Though it's a mouthful of a title, Marvel's weekly "Journey To Star Wars: The Force Awakens - Shattered Empire" miniseries has taken the biggest steps towards revealing the status quo in this winter's latest "Star Wars" film. Under writer Greg Rucka -- who is a wizard at creating strong female protagonists and balancing multiple plot threads -- the series has become not only a sweeping star epic worthy of the franchise banner, but also an intimate look at the dogged determination needed to eradicate a galaxy-spanning corporation that has stamped out entire planets. The easy work was the battle on Endor; the hard part is getting that change to stick.
Rucka pulls the stories back towards one another as Palpatine unleashes his revenge plot from beyond the grave, peaking in a dogfight over Naboo. Princess Leia, Lieutenant Bey and Queen Soruna show off their heroism by engaging a Star Destroyer and a contingent of TIE fighters sent to disrupt the weather over the deceased Emperor's home planet. There are high stakes, and Rucka turns the screws just enough to allow fans to feel as though this could be it for the leads. He combines his own sense of pacing with the expected high adventure moments the franchise is known for and it creates an exciting dynamic. The biggest plot moment happens when Leia briefly feels the presence of Darth Maul, who fell in the same room decades prior to her visit. It happens out of nowhere and is just as quickly dismissed, but the team delivers it in such a foreboding manner it's hard to not be excited by the prospect of revisiting one of the most underused characters in the "Star Wars" universe.
As with last issue, the art is split, this time between Marco Checchetto and Angel Unzueta. Each one follows a plot, Unzueta depicting the Naboo scenes and Checchetto illustrating the Imperial takedown led by Han Solo. Their styles are well suited to both the story being told and the environment; Checchetto's art is a little more angular and feels at home in the middle of the harsh, bomb-strewn attack on the Wretch of Tyron, while Unzueta's style fits the rounded and softer feel of Naboo, where even the ships have no hard lines. Unzueta's art also hews closer to the accepted character models for each protagonist without feeling like everything has been traced. Checchetto is a little more loose, though no one looks unrecognizable on the page.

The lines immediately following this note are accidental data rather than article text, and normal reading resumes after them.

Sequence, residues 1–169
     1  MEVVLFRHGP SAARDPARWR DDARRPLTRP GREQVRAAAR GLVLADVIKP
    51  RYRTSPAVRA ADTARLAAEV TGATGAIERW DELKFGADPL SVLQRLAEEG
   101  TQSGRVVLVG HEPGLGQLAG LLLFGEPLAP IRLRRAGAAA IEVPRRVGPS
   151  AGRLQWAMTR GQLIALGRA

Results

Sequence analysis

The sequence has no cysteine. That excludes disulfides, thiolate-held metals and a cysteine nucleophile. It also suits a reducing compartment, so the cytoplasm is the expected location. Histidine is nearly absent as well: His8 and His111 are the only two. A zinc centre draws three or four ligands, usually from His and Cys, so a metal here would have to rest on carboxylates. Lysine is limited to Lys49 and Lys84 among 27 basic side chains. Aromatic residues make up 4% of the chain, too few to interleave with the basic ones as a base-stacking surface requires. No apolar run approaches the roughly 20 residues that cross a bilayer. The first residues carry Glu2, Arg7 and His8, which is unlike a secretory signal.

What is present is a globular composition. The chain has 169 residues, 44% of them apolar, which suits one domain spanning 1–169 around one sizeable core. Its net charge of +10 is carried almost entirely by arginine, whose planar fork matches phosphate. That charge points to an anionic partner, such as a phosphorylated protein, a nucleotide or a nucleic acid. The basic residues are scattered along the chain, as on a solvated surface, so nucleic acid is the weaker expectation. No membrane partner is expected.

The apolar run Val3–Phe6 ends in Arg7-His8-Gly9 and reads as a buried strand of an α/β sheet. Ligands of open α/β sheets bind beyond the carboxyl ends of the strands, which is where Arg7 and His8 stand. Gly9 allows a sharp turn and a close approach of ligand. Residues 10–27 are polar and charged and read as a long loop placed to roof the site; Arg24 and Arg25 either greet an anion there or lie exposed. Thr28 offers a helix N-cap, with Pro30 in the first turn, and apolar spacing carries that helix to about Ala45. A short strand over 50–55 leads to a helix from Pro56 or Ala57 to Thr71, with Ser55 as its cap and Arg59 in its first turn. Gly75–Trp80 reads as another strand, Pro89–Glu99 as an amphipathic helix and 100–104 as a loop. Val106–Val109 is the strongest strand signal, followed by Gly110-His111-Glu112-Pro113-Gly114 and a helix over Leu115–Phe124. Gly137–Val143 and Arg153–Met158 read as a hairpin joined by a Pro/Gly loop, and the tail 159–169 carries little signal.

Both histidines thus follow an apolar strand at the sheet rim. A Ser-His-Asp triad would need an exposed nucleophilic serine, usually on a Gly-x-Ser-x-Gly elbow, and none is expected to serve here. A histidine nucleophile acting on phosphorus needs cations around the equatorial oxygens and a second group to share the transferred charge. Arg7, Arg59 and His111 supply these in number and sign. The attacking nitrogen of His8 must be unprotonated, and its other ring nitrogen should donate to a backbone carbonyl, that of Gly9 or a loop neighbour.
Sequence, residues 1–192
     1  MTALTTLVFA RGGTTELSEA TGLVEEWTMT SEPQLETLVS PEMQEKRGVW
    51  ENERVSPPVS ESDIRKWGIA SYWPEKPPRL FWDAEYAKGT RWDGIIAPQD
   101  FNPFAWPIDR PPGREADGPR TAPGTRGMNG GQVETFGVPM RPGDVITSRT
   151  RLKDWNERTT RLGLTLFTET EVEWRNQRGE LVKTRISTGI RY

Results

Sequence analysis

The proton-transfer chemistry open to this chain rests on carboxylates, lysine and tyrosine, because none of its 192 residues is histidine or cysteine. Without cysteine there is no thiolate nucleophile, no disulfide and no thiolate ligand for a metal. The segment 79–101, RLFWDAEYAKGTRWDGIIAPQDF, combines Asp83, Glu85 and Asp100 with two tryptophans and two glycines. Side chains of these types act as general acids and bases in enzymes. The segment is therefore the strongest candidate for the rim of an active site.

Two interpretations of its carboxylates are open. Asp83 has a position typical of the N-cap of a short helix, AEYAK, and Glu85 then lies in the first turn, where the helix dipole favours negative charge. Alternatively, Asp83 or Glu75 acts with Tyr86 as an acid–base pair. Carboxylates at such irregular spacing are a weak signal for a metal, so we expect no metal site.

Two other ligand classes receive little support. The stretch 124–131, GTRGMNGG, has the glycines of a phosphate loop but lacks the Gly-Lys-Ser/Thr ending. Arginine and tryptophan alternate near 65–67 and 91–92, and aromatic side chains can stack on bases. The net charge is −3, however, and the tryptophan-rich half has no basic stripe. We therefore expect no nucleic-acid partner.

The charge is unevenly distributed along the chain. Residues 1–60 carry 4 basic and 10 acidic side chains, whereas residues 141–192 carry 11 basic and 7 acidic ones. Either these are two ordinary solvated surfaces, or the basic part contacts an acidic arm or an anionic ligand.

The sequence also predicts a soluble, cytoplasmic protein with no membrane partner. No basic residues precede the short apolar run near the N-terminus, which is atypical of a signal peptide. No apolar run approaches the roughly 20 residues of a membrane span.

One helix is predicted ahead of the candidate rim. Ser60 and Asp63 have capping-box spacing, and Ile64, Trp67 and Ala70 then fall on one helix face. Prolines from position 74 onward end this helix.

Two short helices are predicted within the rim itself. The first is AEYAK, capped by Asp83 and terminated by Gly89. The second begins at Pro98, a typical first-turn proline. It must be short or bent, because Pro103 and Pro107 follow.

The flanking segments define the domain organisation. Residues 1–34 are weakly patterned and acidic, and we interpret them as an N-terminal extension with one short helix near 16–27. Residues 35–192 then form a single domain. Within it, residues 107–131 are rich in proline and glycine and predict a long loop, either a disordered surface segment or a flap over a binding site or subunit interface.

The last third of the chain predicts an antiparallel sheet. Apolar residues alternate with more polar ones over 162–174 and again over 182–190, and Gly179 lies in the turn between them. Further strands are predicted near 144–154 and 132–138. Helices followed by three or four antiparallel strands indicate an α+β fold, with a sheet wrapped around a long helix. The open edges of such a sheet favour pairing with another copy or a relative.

The issue ends on a strange note for a series. It feels like the end of the series, as the plot elements have all been resolved and the stakes are settled. This may be a ploy by the creative team to lull fans into a false sense of security before pulling the rug out from underneath them, but that will have to wait until next week to play out.
This series is another solid example of the quality Marvel has brought to the "Star Wars" universe and the first real lead-in to Episode VII. Fans should check this series out before heading to the cinema this holiday season.